Cane Points: Piñol: Let Bygones Be Bygones
What greeted him upon his arrival were news reports of statements by former Sugar Regulatory Administrator Anna Paner that the secretary was behind her exit from SRA.
Paner's term expired on June 30. President Duterte should have simply appointed a replacement, and Paner would have silently faded from the public view without any fuss.
Unfortunately, pettiness got the better of some quarters whose feathers were ruffled by Paner's denial of their request to suspend the implementation of the sugar order regulating the importation and use of HFCS.
These people, whose egos suffered a beating from Paner's immovable and stoic stance on HFCS, saw the opportunity to get back at her by poisoning Duterte's mind with unfounded allegations of corruption in SRA. They succeeded in casting doubts on Paner's integrity, to the point that the President considered the abolition of SRA.
Of course, they shouldn't have expected a warrior like Paner to just sit back and whimper from their underhanded tactics, more so that her family's honor was already dragged into the fray.
She called for a press conference last Wednesday, debunking the allegations of corruption against her, citing her stance on HFCS as the cause of pressures against her, and laying the blame for her resignation at the doorsteps of the Department of Agriculture.
Piñol has to be commended for being gentlemanly in reacting to Paner's statements. He declined from adding more fuel to fire, sticking instead to the purpose of his visit, which is to deliver projects and meet with farmers and fishermen.
Last Thursday, he either pledged or distributed more than P130 million worth of farm machineries, fishing equipment and financial assistance. Last Friday morning, he met with the leaders of the National Federation of Sugar Workers and promised to give them farm equipment, credit facilities, livelihood and scholarships for their children.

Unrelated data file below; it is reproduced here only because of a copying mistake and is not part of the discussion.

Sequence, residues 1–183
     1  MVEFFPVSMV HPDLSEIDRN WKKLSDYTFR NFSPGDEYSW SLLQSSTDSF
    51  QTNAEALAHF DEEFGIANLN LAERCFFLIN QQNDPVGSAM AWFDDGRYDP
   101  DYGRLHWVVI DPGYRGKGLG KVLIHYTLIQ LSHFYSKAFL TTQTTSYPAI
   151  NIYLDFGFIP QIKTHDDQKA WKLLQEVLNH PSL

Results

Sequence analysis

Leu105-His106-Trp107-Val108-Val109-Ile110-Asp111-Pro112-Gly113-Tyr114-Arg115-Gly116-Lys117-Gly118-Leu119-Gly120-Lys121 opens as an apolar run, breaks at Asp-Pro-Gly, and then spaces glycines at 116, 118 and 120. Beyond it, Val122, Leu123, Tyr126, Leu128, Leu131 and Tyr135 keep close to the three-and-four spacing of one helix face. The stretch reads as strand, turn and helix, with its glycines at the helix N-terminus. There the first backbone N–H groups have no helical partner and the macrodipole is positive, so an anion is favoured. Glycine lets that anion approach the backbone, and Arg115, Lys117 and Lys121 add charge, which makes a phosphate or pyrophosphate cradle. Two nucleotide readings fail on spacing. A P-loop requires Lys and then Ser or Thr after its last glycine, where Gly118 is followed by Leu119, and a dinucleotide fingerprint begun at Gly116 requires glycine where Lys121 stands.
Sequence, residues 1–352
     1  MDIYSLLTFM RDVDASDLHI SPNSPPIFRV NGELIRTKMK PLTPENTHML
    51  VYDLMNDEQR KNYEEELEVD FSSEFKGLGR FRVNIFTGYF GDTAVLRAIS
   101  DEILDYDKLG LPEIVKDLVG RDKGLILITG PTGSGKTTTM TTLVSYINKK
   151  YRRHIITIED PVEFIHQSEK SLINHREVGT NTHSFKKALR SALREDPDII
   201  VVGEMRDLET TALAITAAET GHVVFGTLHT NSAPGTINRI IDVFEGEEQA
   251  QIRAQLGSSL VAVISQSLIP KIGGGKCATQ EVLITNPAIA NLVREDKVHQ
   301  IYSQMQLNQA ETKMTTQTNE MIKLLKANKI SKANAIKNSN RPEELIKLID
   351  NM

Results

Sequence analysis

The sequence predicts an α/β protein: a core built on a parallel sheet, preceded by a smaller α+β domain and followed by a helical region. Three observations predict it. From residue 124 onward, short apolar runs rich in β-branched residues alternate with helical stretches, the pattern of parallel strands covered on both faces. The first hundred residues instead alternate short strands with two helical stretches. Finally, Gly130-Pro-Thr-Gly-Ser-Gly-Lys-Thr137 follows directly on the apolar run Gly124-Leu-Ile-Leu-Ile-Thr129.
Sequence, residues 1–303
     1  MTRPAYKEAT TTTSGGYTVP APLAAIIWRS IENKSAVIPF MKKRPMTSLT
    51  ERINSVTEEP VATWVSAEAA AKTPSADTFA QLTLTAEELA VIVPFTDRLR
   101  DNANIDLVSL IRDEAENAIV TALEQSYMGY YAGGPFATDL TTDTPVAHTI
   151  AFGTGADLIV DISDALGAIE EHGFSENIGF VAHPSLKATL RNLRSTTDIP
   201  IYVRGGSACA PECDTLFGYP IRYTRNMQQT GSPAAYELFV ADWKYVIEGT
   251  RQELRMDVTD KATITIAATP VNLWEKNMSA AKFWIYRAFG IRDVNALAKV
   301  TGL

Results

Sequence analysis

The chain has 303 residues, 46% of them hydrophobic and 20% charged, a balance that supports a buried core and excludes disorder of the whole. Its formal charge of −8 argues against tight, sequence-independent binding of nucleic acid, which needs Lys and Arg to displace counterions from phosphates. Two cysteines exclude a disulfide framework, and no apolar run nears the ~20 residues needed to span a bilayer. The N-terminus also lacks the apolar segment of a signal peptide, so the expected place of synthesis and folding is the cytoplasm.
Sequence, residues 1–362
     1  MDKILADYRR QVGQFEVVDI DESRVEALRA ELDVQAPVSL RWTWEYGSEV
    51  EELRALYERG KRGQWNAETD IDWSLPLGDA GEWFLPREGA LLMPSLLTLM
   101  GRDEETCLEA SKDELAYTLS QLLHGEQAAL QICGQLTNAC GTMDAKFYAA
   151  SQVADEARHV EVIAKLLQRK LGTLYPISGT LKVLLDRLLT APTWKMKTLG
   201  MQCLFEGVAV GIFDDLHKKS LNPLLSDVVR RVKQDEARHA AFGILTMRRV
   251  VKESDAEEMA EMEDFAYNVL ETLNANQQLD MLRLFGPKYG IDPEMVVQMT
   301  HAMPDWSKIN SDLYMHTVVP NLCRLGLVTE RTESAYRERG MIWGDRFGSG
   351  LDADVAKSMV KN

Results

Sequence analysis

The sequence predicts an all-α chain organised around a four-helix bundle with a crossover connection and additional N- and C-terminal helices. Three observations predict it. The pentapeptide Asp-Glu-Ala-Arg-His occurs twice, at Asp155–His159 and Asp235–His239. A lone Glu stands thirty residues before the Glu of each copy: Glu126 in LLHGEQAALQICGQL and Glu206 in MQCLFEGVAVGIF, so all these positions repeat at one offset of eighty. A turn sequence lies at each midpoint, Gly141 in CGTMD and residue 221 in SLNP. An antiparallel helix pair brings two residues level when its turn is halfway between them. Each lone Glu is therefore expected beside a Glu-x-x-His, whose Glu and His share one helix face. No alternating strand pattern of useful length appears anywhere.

The highlight of his two-day trip to the province was the forum with sugar industry stakeholders last Friday afternoon at the SRA - Bacolod Office. Before the forum, he had a brief private meeting with leaders of the Sugar Alliance and they reconciled the real and perceived differences between him and the industry leaders, particularly over the HFCS issue.
Accompanying Piñol to the forum were Agriculture Assistant Secretary for Visayas Atty. Hansel Didulo, DA6 Regional Director Remelyn Reloter, Sugar Board Members Hermie Serafica and Roland Beltran, Gov. Freddie Marañon and Vice-Gov. Bong Lacson.
The forum kicked off with Pi?ol administering the oath of office to newly-appointed Sugar Regulatory Administrator Hermie Serafica.
He declared that he is bent on moving forward and not on looking back to the past, referring to misunderstandings and clashes with sugar industry leaders earlier this year.
"Let bygones be bygones," he proclaimed.
The secretary intimated that Hermie's replacement as planters representative to the Sugar Board is a Negrense, but he did not want to make an official announcement until he sees the appointment papers. His statement bolstered the expectation that Sugar Alliance spokesman Atty. Dino Yulo will be appointed to the Sugar Board.
He assured stakeholders that Hermie's appointment is a strong indication that the President is not hell-bent on scrapping SRA.
Addressing apprehensions raised earlier by labor groups that Serafica might revoke Sugar Order No. 3, Piñol pledged that Sugar Order No. 3 is here to stay and that it would be upheld by the new SRA chief.
Stakeholders brought to his attention the industry's concerns on low sugar prices, smuggling, lack of farm labor, mill efficiency and high production cost, among others.
Piñol said he would hold a strategic meeting with the SRA chief and the Sugar Board early this month to address those concerns and to talk to other government agencies about the problems which are beyond the ambit of the agriculture department.
He also pledged two prototypes of solar-powered irrigation systems worth P6 million for the sugar farmers in southern Negros. When a sugar farmer from northern Negros requested that a prototype should also be installed in their area, Gov. Freddie pledged to finance the third project from the provincial government's agriculture budget.
Piñol pointed out that the budget for the three projects are from DA, not SRA, funds. He assured stakeholders that, from now on, the DA will fully assist SRA in working for the welfare of the sugar industry.
Apparently, all's well that ends well.
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